But though these repeated protestations had wrought so intirea confidence in the minds of his people, that they rested satisfied in the sincerity of his intentions, and interpreted all those actions which tended to the supporting of the Popish interest in England, to his tenderness towards the Duke of York||, whom he resolved never to abandon§, notwithstanding the importunities of his people, and (he safety of himself and his kingdoms, seemed to require it: Yet the King of France was so tender of his honour, as to conceal these private treaties and alliances, which, at his sollicitations, the king entered into, against the United Provinces, and to the destruction of the Protestant religion, and the overthrow of the English liberties. But he consented so far to the publication of an account of the war with Holland, and of the reasons and motives which engaged the two Kings to carry it on, that the Abbot Primi, who put out the book in the Italian tongue, was employed by Mr. Colbert de Croissy, and a pension was allowed him for his pains, in publishing it also in French: which book was published by authority at Paris, in the year 1682. It is well known, how severe that government is in matters of that nature, where nothing is ever publickly set forth of any importance, as to the Church or State, but what perfectly agrees with the inclinations and interests of those who are there so very absolute. It was publickly known at Paris, that Mr. L'Abbe Primi had a pension from Mr. Colbert de Croissy: And, when men are employed by ministers of state, to publish accounts of the transactions of the government, their writ, ings are rather looked upon as apologies, than histories. It makes no real difference, whether what a man writes, in such a case, be a translation or an original, he will be supposed to have endeavoured to please those who employed him; and all the fair protestations of sincerity, and faithfulness, and skill, which such a man can use, will be only looked upon as words of course, when once the reasons of his setting up for an historian are publickly known. The original of Count St. Majolo was printed in Italian; and the privilege ran as well to the printing it in Italian as French. Howsoever, I do judge, that the name of Count St. Majolo, was a kind of trick of the Abbot Primi, to talk of secret alliances, of breaking leagues, of his master's persuading the King of England to seize the Dutch Smyrna fleet, and of several other secrets in the nego. tiations of Holland, England, and France, in his own name. For, when all is laid upon a foreigner, one may speak with great assurance, and the Count St. Majolo will then answer for the very things for which Monsieur L'Abbe receives his pension.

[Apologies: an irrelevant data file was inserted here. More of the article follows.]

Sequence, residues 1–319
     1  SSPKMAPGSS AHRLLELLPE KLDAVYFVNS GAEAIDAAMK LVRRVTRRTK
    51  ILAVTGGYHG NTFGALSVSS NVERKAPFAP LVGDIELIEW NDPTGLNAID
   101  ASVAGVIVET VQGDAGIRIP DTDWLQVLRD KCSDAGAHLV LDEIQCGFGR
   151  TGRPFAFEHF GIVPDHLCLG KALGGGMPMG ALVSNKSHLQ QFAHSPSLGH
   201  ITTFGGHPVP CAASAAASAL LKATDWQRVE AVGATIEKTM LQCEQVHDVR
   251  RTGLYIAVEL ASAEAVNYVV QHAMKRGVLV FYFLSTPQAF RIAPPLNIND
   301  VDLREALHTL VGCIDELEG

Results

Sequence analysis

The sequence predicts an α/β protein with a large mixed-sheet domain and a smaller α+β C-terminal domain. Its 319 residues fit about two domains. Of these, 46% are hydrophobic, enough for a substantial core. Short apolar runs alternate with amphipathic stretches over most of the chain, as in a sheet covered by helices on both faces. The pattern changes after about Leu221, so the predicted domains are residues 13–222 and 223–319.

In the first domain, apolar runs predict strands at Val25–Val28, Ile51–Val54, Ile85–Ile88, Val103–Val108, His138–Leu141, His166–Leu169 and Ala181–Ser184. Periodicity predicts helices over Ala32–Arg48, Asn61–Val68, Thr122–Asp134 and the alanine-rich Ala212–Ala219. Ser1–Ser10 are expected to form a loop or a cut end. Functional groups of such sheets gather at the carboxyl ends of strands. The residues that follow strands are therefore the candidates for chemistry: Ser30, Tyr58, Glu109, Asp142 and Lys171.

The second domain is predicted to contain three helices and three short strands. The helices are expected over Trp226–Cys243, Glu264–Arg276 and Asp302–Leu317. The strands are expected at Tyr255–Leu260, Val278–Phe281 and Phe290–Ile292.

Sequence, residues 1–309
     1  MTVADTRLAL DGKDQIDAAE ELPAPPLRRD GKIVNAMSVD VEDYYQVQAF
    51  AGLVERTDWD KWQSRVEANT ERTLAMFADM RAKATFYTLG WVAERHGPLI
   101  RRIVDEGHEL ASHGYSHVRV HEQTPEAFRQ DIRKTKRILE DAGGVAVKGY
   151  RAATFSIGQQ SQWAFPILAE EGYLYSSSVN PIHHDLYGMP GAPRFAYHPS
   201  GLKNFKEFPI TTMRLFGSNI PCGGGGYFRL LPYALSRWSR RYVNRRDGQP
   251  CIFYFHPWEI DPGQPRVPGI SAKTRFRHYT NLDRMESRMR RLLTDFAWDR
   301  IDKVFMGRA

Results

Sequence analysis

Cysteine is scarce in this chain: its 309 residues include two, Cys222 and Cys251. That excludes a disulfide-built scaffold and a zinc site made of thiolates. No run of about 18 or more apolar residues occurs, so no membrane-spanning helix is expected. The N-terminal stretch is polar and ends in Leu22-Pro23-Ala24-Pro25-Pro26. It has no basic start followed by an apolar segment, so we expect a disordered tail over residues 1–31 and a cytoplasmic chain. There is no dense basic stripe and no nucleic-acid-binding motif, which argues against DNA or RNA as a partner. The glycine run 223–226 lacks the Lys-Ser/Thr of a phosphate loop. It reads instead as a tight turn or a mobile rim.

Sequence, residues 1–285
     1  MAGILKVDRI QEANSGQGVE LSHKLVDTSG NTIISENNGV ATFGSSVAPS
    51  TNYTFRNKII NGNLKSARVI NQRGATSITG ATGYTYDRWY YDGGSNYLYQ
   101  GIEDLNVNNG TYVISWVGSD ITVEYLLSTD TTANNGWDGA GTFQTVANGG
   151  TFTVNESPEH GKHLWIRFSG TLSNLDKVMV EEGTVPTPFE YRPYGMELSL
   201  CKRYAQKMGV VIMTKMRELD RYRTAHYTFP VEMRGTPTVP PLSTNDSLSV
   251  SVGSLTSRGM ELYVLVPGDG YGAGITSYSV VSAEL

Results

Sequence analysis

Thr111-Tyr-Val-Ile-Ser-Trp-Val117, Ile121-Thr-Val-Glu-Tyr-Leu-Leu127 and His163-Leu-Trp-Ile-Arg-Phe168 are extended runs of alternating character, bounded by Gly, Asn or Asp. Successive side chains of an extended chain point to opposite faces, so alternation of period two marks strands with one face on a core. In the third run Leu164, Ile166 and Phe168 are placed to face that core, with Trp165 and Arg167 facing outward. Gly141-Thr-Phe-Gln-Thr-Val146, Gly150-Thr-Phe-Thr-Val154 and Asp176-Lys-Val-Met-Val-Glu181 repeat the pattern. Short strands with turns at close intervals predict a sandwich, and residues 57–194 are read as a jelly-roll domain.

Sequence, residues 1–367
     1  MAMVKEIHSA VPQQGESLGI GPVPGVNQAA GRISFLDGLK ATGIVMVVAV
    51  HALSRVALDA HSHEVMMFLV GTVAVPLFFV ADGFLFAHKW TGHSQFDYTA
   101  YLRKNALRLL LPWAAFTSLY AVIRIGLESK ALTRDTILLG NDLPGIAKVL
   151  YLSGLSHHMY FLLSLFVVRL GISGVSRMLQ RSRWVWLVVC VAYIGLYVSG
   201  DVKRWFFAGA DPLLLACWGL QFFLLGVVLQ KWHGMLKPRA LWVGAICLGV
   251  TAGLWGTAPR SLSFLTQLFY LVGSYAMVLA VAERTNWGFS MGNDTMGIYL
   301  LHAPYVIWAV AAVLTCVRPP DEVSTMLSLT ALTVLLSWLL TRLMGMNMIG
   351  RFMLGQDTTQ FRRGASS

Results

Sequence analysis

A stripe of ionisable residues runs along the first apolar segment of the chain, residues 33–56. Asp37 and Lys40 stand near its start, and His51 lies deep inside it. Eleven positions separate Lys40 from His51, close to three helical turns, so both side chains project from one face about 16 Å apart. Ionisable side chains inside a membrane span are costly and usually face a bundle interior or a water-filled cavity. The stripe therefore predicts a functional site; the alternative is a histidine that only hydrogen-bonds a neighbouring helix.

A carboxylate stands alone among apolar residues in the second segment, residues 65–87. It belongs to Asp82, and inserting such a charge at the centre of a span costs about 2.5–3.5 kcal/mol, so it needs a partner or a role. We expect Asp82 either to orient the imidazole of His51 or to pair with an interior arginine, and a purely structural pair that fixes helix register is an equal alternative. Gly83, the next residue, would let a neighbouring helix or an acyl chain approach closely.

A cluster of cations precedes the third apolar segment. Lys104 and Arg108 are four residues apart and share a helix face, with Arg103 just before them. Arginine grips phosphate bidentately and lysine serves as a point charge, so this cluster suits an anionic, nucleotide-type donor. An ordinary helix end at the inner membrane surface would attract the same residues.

Fid. the King's Declaration of Indulgence, DtctmberK, 16M

t Feb. i, 1B7S.

t Declaration of Indulgence, December as, 1662.

{A Papist and hit brother. To the mercy or the parliament, and Protestant subjects of Englind, who, for the safety at the kins and country, required his exclusion from the throne, at the demise of nis brother Hie king.

If our minister at Paris, when this book first appeared, had not, by a timely and a diligent application, procured its being stopped, we might, without question, have had several other important se. erett published in the following books (for we have only two books often printed) which now we can only conjecture at. But the •tamest complaints of my Lord Preston, who was then Envoy from King Charles the Second, at Versailles, prevailed so far, that the book was immediately stopped, and the edition totally suppressed, so that very few had ever heard of it, and much fewer, especially in England, had seen it. And to put a face upon the matter, Monsieur L'Abbe was thrown into the Bastile; from whence, after a mockimprisonment of nine or ten days, he was let out again. All that were at Paris, at that time, knew the story; and all, that-were at all acquainted with the arbitrary severity of the French govern.

« AnteriorContinuar »